Legislators were peppered with suggestions and criticisms of Alaska's state oil spill rules, but there was also praise from some for the state's standards.
"It's one of the best programs in the nation, but there's still room for improvement," Mike Munger, director of the Cook Inlet Regional Citizens Advisory Group, told the Senate and House Resources Committees Sept. 21.
North Slope Borough officials also told legislators they are pleased at responses by Shell Oil and the new Bureau of Ocean Energy Management, the new U.S. Minerals Management Service, to concerns raised by coastal communities on exploration in the Beaufort and Chukchi seas.
"We are seeing some positive signs," said Harold Curran, the borough's chief administrator, who was speaking for Mayor Edward Itta, who could not attend the meeting.
However, the borough is still urging that additional protections in offshore drilling, some adopted by Shell voluntarily, be codified in regulations, such as requirements for blowout preventers with double sets of "rams," or closure devices.
In a related development, state administration officials told the legislative committees that state agencies would review industry facility and field pipeline maintenance programs as a part of several steps of tightened regulation and oversight.
State Oil and Gas Director Kevin Banks told lawmakers that the review of company maintenance quality management programs will be conducted by the Petroleum Systems Integrity Office, or PSIO, a group within the Oil and Gas Division.
Details of the program, which are among a series of regulatory steps the state will take to improve safety, will be presented to industry in about a month, Allison Iverson, the PSIO director, said in an interview.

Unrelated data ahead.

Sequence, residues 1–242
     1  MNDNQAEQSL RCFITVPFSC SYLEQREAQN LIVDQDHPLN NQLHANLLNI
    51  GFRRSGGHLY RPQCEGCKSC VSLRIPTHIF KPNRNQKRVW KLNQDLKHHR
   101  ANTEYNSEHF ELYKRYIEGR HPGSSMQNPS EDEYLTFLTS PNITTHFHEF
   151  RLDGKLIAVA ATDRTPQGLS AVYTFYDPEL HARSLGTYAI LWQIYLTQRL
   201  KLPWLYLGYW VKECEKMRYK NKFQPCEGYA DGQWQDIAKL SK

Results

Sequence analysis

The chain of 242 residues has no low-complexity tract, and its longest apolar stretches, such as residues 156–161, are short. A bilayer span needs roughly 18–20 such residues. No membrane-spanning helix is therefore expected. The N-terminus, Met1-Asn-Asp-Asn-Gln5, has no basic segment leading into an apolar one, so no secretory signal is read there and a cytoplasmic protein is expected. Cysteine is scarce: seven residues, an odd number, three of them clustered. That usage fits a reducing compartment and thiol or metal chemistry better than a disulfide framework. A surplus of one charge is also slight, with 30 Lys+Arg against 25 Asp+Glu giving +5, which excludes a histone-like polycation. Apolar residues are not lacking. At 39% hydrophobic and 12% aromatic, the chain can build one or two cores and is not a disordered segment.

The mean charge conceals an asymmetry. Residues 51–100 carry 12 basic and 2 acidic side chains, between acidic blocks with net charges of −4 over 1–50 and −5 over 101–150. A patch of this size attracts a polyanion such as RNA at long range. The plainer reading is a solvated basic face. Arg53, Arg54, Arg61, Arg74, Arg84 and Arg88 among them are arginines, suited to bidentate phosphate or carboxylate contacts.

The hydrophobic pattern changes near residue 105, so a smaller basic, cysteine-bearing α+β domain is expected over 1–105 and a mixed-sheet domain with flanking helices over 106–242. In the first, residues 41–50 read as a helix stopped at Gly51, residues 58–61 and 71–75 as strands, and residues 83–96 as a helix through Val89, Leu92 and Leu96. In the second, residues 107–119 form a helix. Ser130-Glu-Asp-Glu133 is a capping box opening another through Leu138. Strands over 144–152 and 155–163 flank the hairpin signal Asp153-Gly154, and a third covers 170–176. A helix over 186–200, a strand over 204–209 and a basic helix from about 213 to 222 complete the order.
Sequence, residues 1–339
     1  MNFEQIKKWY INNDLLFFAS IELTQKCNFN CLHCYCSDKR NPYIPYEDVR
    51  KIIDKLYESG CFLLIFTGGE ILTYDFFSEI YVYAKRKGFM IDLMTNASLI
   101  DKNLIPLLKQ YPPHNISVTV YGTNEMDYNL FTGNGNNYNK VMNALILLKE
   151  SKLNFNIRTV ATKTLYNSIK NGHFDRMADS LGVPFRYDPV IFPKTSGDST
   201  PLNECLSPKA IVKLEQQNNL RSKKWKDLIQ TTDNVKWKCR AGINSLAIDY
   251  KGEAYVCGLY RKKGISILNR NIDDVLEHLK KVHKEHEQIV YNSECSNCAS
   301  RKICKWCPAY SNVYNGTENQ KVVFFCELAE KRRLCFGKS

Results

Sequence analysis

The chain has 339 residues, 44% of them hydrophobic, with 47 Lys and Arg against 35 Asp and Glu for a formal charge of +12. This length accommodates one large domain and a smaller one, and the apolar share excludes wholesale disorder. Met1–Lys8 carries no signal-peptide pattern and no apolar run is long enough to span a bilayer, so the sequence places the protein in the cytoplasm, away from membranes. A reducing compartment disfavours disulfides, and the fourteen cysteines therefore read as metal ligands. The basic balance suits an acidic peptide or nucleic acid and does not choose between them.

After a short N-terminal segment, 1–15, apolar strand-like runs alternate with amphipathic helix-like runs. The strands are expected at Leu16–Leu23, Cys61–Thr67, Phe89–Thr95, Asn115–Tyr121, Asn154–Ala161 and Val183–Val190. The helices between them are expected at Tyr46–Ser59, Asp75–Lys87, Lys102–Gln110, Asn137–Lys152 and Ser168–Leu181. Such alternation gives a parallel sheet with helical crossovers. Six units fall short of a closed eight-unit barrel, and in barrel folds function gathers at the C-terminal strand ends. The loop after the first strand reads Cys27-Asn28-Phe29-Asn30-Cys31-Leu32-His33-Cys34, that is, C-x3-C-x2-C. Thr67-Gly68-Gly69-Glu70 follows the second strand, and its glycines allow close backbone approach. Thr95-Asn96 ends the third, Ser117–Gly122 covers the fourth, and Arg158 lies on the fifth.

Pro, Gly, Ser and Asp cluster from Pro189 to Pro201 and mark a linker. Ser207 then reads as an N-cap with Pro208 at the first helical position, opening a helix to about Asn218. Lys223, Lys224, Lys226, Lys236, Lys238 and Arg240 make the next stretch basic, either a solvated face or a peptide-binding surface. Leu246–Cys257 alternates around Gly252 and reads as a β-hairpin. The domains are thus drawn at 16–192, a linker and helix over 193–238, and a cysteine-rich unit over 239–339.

Iverson said the objective is not for the state to seek to approve maintenance programs but to define best practices among the Alaska operators to serve as examples for others, particularly smaller companies now engaged in exploration and field development in Alaska.
Industry sources, in interviews, expressed some concerns that the PSIO may gradually increase its authority in oversight on maintenance to the point of eventually requiring approval of plans. The state has broad authority to regulate industry practices on state-owned lands, and virtually all of Alaska's production comes from fields on state lands.
Banks told legislators that Gov. Sean Parnell ordered the review of state regulation of oil and gas producers earlier this year after the blowout of BP's Gulf of Mexico well. However, the idea of PSIO reviewing maintenance has its roots in the 2006 oil spills from Prudhoe Bay field pipelines, which BP also operated. Those spills were related to corrosion, which has been linked to problems with maintenance programs.
Other regulatory changes Parnell may order may include a transfer of approvals for industry blowout protection and relief well drilling contingency plans from the DEC to the Alaska Oil and Gas Conservation Commission because that agency has more technical capabilities in drilling than the DEC, Banks and Department of Environmental Conservation Commissioner Larry Hartig told the legislators.
The oil and gas conservation commission, an independent agency, is doing its own review of deep water and ultra-extended reach bottom-hole completion techniques but will withhold recommendations until the presidential commission on the Deepwater Horizon disaster has issued its report, commission Chairman Dan Seamount told legislators.